Shabbat Parashat R'ei | 5768
Workers Who Missed Work Due to Illness – part II (Harav Akiva Kahana)
(based on Halacha Psuka, vol. 42)
[Last time we saw that while all agree that an eved ivri who was sick for up to three years does not have to make up time missed, a machloket Rishonim exists regarding a regular worker who is paid for a certain amount of time and missed a significant part of it due to illness. The Tashbetz distinguished between one who works for a long time, in which case, the employer has to expect some illness, to which he apparently relinquishes his claims if he did not stipulate, and a short-term worker.]
Everything we have discussed to this point is according to the halacha as set down in the gemara. However, even the Tashbetz would agree that the matter is affected in our time and place (Israel) by the corresponding legislation on the matter, i.e., The Law of the Payment for Illness. Unless we know otherwise, we can assume that one who hires a worker has in mind to follow the law of the land in this regard and, therefore, he would be required to pay for sick days as the law subscribes, or alternatively as it is customary in a certain place of work. However, in a place where there is apparently no clear practice, it is logical that the parties should follow the law as set down in the Torah sources. The Rosh would presumably agree that when one works in a structured place of work that usually gives sick days, the situation would be one where the employer and employee obligated themselves in this regard as is written in the law or as is customary.
A significant matter of halacha arises in a case where the employer paid in advance. The Rama (Choshen Mishpat 333:5) says that if the employer paid the worker in advance he cannot reduce the salary and thereby demand the worker to return some of the salary. Rav Binyamin Rabinowitz (Hatorah V’hamedinah IX) explains that the difference of whether or not there was advance payment stems from it being a sign of a different type of business agreement. When he pays in advance, it is as if he obtained the body of the worker, making him similar to an eved ivri. Regarding an eved, the employer is the one who is impacted by the inability of his “property” to be productive. Therefore, if he became ill, the employer cannot demand back his salary. In contrast, when the employer pays after the work is done, the worker’s body is not in any manner considered acquired. Then even if he was already been paid in full (after the work), the employer can demand back that which he mistakenly paid corresponding to time that the worker did not work due to illness.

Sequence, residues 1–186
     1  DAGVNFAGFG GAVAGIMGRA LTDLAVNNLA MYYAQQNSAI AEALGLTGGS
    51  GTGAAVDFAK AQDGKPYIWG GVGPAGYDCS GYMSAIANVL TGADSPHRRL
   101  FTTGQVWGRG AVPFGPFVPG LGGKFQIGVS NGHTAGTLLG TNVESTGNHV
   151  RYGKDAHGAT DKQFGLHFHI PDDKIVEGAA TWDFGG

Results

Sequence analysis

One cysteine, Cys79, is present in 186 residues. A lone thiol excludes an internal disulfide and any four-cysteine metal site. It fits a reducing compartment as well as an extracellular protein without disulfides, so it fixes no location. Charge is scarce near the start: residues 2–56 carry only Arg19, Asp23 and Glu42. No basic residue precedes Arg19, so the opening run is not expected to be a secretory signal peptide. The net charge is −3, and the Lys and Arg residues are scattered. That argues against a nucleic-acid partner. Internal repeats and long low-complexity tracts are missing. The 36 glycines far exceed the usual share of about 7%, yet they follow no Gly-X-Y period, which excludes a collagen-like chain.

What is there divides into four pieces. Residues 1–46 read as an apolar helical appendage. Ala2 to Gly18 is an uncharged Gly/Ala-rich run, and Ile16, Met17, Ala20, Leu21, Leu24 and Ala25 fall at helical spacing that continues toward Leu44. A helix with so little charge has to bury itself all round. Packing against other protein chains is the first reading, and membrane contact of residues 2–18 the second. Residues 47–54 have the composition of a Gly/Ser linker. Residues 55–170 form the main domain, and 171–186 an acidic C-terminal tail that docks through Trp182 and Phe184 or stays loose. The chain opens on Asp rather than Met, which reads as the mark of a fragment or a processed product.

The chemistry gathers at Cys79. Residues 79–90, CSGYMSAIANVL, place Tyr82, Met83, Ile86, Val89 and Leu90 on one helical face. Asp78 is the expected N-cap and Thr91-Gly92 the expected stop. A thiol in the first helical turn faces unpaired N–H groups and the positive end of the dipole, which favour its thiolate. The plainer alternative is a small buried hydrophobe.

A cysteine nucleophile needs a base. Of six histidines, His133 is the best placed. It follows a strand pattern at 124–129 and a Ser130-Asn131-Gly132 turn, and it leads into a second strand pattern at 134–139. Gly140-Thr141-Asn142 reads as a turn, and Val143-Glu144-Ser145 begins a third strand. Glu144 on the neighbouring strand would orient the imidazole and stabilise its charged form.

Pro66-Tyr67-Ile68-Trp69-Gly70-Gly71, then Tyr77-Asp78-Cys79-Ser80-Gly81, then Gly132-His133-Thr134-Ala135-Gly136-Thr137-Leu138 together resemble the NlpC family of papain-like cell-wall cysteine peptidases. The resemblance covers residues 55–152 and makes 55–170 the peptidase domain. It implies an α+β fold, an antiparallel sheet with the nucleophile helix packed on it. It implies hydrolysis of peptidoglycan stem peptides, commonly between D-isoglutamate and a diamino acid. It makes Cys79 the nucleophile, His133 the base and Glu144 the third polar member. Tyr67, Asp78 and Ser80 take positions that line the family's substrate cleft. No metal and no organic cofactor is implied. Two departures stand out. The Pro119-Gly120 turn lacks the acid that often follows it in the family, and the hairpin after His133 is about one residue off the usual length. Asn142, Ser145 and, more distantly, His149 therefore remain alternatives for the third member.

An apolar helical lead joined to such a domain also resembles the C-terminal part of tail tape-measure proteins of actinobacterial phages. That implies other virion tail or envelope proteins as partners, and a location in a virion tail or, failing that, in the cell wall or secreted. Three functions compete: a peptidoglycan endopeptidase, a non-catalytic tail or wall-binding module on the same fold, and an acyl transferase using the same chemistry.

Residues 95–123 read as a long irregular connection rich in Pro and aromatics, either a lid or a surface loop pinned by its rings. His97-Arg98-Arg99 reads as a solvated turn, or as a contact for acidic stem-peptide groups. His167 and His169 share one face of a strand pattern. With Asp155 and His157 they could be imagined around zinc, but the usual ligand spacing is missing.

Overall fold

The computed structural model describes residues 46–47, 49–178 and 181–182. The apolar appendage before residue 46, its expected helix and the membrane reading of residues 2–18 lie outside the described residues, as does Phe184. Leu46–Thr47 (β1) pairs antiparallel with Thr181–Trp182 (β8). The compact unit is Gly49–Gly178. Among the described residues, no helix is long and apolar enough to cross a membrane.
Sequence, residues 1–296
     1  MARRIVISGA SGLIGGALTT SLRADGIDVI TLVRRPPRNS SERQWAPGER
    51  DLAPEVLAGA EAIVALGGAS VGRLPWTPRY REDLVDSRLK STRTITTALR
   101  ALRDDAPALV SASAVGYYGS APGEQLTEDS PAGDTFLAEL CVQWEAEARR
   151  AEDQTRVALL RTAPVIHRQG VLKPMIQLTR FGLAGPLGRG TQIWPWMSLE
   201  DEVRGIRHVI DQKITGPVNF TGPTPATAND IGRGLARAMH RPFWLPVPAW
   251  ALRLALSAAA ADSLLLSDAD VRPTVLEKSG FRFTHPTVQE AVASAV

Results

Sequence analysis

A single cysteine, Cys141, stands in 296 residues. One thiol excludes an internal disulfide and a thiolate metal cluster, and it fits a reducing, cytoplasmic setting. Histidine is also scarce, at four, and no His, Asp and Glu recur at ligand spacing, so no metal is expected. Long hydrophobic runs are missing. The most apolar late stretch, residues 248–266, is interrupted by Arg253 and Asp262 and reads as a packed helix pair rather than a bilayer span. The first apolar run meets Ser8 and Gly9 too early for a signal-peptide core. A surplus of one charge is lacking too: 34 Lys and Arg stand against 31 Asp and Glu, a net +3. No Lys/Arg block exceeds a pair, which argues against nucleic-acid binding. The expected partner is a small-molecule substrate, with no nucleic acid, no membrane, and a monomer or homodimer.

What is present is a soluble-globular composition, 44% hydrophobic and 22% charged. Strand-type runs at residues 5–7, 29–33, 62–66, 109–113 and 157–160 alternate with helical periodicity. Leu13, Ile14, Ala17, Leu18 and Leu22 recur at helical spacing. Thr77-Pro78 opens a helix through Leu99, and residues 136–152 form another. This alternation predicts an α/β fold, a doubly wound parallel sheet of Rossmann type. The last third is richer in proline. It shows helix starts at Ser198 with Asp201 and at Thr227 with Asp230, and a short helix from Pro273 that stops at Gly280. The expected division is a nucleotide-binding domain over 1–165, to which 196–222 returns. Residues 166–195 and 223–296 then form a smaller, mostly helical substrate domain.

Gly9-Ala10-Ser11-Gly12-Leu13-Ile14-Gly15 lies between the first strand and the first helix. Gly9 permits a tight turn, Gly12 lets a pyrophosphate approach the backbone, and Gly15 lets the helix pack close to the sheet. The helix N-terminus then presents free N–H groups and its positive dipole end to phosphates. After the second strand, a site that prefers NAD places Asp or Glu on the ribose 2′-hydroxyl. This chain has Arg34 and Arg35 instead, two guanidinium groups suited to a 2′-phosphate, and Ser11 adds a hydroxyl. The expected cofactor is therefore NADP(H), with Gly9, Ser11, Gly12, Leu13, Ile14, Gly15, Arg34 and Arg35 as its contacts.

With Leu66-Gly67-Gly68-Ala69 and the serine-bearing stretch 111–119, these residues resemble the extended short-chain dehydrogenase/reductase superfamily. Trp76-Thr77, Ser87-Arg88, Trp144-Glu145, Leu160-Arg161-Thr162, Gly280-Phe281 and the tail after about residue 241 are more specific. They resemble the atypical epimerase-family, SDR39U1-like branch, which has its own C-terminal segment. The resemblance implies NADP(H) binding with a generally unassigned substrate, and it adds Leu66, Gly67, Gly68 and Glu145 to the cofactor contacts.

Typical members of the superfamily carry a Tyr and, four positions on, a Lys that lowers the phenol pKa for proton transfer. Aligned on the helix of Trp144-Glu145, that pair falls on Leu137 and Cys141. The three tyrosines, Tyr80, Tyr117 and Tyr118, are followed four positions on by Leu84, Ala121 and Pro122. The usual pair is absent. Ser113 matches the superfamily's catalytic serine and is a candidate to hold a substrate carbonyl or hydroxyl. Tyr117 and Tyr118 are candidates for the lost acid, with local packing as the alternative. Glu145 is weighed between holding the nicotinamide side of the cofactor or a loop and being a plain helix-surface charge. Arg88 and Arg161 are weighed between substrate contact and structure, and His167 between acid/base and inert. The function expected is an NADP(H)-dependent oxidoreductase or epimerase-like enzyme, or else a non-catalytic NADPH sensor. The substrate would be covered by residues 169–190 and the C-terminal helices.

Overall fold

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is dedicated in memory of
Yitzchak Eizik Ben Yehuda Leib a"h,
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as well as
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